The prevalence of orthorexia nervosa among eating disorder patients after treatment
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The pursuit for healthy food consumption is considered a laudable habit. This attitude can turn into pathological when cognitions and worries about healthy nutrition lead to such an accurate food selection that correct diet becomes the most important part of one’s own life leading to important dietary restrictions, stereotyped eating or impairment in important areas of functioning. This behaviour is coined orthorexia nervosa (ON) and can share common characteristics with anorexia nervosa (AN) and bulimia nervosa (BN). The purpose of the present study was to examine the frequency of ON among women with eating disorders (EDs) and to evaluate if it changed after treating the ED.
Thirty-two patients with AN or BN were evaluated by means of the ORTO-15, the Yale-Brown-Cornell Eating Disorder Scale (YBC-EDS) and the Eating Attitude Test (EAT-26) before (t0) and 3 years after the treatment of their ED (t1), and compared to 32 female healthy controls (HC) matched by gender, age, and BMI at t1.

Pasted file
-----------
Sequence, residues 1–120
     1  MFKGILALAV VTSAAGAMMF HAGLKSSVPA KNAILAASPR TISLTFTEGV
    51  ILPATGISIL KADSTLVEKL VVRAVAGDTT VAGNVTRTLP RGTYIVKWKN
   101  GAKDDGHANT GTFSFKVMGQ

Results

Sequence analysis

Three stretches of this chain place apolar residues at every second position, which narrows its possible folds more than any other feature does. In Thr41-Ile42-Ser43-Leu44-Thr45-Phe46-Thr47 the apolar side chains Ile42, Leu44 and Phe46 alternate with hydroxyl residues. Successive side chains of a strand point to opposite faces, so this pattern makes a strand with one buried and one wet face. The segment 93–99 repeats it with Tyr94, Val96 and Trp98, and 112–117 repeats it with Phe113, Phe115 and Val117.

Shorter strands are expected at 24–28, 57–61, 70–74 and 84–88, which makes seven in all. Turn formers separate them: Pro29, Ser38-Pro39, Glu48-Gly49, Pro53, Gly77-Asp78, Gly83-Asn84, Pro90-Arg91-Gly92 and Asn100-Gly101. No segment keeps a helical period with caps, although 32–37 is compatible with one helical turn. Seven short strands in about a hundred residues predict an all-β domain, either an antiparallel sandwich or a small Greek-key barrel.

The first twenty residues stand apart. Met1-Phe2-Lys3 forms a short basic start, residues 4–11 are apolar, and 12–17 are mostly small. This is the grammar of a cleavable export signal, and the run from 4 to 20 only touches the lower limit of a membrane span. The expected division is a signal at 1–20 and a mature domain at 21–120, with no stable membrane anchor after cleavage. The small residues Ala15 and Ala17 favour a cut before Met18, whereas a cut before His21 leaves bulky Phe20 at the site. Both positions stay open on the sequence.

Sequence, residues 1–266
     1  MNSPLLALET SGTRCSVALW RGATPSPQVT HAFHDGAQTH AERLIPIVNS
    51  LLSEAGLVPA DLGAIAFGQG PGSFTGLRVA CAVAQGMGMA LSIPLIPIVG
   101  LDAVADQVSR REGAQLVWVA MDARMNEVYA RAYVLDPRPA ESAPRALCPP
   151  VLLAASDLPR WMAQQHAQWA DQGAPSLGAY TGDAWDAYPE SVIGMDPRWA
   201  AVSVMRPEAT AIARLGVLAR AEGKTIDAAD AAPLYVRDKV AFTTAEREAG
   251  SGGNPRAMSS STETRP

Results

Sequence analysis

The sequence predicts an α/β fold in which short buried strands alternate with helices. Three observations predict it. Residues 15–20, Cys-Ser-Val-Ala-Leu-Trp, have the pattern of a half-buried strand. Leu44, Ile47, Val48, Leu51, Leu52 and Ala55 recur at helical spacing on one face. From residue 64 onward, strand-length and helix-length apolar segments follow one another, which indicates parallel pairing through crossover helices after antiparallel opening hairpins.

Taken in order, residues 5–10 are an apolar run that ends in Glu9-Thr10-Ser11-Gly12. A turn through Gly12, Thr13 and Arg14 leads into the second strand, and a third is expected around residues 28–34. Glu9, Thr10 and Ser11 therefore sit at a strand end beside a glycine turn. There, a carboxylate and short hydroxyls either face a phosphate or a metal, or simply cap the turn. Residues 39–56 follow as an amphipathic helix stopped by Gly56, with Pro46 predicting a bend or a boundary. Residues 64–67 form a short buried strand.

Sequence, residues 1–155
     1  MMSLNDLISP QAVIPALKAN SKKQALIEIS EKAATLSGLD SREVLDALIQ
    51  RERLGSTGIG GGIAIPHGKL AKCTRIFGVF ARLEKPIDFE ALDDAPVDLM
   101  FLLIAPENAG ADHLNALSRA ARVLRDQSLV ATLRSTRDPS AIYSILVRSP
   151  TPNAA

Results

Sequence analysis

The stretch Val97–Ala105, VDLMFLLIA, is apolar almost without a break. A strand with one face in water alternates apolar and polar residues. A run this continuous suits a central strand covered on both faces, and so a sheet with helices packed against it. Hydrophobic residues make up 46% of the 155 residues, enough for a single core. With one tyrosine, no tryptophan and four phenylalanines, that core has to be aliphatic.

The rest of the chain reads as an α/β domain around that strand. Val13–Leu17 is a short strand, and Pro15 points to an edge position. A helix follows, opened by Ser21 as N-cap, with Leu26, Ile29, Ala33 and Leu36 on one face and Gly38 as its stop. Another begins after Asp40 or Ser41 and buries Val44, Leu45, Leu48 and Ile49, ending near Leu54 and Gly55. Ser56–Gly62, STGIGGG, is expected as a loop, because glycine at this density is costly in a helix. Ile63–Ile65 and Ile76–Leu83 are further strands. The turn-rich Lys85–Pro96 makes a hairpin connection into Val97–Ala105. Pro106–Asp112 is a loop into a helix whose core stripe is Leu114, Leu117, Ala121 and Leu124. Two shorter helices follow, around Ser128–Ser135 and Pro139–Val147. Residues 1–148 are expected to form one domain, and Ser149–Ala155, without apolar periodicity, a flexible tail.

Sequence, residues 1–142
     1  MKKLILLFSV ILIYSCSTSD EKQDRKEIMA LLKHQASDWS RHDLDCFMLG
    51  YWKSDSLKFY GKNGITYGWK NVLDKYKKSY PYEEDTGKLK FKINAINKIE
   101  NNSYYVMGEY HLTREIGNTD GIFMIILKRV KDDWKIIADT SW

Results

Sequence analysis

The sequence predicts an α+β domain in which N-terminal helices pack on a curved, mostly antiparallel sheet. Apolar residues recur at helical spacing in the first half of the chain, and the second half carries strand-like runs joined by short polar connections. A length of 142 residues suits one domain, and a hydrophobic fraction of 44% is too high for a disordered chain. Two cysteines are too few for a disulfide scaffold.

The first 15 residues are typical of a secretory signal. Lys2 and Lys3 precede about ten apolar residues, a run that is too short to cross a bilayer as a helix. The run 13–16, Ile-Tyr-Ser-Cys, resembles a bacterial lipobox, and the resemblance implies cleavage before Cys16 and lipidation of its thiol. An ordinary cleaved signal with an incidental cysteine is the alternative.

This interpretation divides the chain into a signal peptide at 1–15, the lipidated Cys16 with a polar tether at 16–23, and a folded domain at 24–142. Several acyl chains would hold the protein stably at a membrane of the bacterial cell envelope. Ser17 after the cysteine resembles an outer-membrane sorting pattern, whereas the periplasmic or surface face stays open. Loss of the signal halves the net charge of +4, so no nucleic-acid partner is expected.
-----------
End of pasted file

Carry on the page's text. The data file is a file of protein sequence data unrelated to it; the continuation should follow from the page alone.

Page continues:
A significantly higher percentage of patients either at t0 (28 %) or t1 (58 %) resulted positive to ORTO-15 compared to controls (6 %). YBC-EDS and EAT-26 scores were higher among ED patients than in HC, but they decreased from t0 to t1.
Orthorexia nervosa symptoms are highly prevalent among patients with AN and BN, and tend to increase after treatment. ON seems associated both with the clinical improvement of AN and BN and the migration towards less severe forms of EDs. It is necessary to clarify if ON residual symptomatology can be responsible for a greater number of relapses and recurrences of EDs.
KeywordsOrthorexia nervosa Anorexia nervosa Bulimia nervosa
No grant was obtained for this research.
Conflict of interest
All authors declare that they have no conflicts of interest.
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